New tech for 18-wheelers improving road safety

Hidden danger on S.A. highways

SAN ANTONIO -- Department of Public Safety inspector Wayne Kenney waves his hands like an air-traffic controller, guiding hulking 18-wheelers through a roadside weigh station.

His voice is barely audible through the roaring of engines.

According to Kenney, about 2,500 trucks will pull through this weigh station every day. Part of his job is to make sure they’re safe.

“We'll probably inspect around 25 to 35 trucks a day,” Kenney noted.

All the trucks will go through automated sensors that can detect certain things – a flat tire or a faulty axle. The electronic systems also allow inspectors to view driver logs, including how many hours they’ve been driving and what they’re carrying for cargo.

“They’re tools that can help us,” Kenney said. “They’re not all conclusive, it takes the man-power to actually stop a truck and inspect it.”

Because they can’t inspect every truck, those inspections are done at random according to federal requirements.

And Kenney says that they know exactly where to look first.

"The one big thing we're looking for is brakes,” Kenney explained. “If you're the car in front of this truck and you throw on the brakes, you better hope he's got 10 working brakes. That's what you're after."

It’s an ideal scenario, Kenney says, almost never happens.

"They'll always have problems somewhere,” Kenney said. “You’ll have brakes that simply don’t work, they don’t move, there’s no motion to them.”

In a given day, Kenney says that he’ll have to remove two or three trucks from the roads, usually cases where multiple brakes are worn or completely shot.

That’s a rate of up to one in every 10 trucks.

According to TxDOT, commercial vehicles were involved in 1,992 accidents in Bexar County in 2016. Of those, 16 were fatal and 34 involved incapacitating injuries.

Nationwide statistics from the Federal Motor Carrier Safety Administration show fatal accidents spiked by a fifth between 2009 and 2013, then took a dip of about 5 percent between 2013 and 2014. Injuries consistently skyrocketed by 55 percent between 2009 and 2013, while property damage also increased by nearly a third.

Part of that is likely due to the fact that trucks logged more miles.

But Jeff Miller, a life-long trucker and driving instructor at Southern Career Institute, says there’s another reason:

"Driver error, whether that's driver fatigue or, nowadays, driver inattentiveness,” Miller said.

Miller noted that fatigue is less common than it used to be, as electronic logs make it almost impossible for drivers to exceed the maximum amount of road hours allowed by law.

But he says pre-trip inspections can and do get neglected due to pressure to make deliveries, meaning drivers often miss things like faulty brakes.

"A lot of things can go wrong in a short amount of time in these trucks,” Miller said. "By the time you notice a brake pad has gone bad, it's too late."

But Miller says that fault isn’t always on the truck driver. Drivers of what he calls “four-wheelers,” or standard cars, are often oblivious to what’s going on when they pass a truck.

For example, trucks are made to brake and handle best with a full 80,000-pound load. A truck that’s carrying a partial or empty load will take about 40 percent longer to stop – the difference between two football fields and two-and-a-half. Blind spots, he says, are also a major concern.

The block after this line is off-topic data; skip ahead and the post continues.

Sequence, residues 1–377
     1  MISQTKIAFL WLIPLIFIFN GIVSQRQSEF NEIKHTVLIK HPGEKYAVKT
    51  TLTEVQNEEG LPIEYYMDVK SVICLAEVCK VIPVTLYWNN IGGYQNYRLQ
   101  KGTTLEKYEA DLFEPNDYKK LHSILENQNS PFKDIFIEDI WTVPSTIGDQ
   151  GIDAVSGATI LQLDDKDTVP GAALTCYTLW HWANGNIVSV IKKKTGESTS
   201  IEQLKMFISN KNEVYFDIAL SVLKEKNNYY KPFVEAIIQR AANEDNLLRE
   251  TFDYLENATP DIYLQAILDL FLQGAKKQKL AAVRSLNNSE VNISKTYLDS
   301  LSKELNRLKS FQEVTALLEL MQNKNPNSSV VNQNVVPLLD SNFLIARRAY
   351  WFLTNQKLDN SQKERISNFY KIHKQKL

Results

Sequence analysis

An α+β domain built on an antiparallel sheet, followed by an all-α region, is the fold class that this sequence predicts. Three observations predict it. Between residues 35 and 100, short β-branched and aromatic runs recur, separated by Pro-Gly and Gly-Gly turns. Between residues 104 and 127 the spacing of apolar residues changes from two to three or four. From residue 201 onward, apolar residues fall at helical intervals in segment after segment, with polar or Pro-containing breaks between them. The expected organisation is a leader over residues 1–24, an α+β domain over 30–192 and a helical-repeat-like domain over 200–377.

In order to address these issues, more and more companies are starting to invest in technology that helps augment the truck driver and improve the way safety investigations are done.

That includes cameras that monitor blind spots, lane displacement sensors that detect if a truck is drifting from its lane and warn the driver, governors that regulate speed and even kill the engine if a driver goes over their maximum hours, and cameras that monitor following distance and hit the brakes if the driver isn’t reacting.

Noel Smith, the director of SAGE Truck Driving School, says those features are far more advanced than the power locks and air conditioning “luxuries” found in his 2006 training unit.

"The main thing they're doing now is trying to deal more with safety and dealing with the driver himself," Smith explained. "Because he works long, monotonous hours."

Smith says he fully supports any technology that can make driving safer, and estimates as many as a third of the companies out there are already taking advantage of some of these technologies.

But even so, he says that given the several thousand dollars it costs to purchase most of those sensor systems, most are left sitting on the lot.

"I think trucking companies are receptive to the bottom line more than anything else. What makes them money? Is it cost-effective for them to do this?” Smith said.

According to Texas Trucking Association CEO John Esparza, the industry is working toward mandating some of these technologies, something that happens often when new safety mechanisms are introduced to the market. But that’s a long process that requires testing and feedback from state governments, truckers, and trucking companies.

He says speed governors will likely be the next technology to be required, although that likely won’t happen for another couple years. The more advanced sensors and camera technology may not become mandated until far later.

For now, Miller advises four-wheeler drivers to be extra careful. That means giving trucks as wide a berth as possible and being prepared for the unexpected.

Nothing that big and fast, he says, is ever idiot-proof.

"Nine times out of 10, you run into a truck, the truck will win,” Miller said. “It's just physics."


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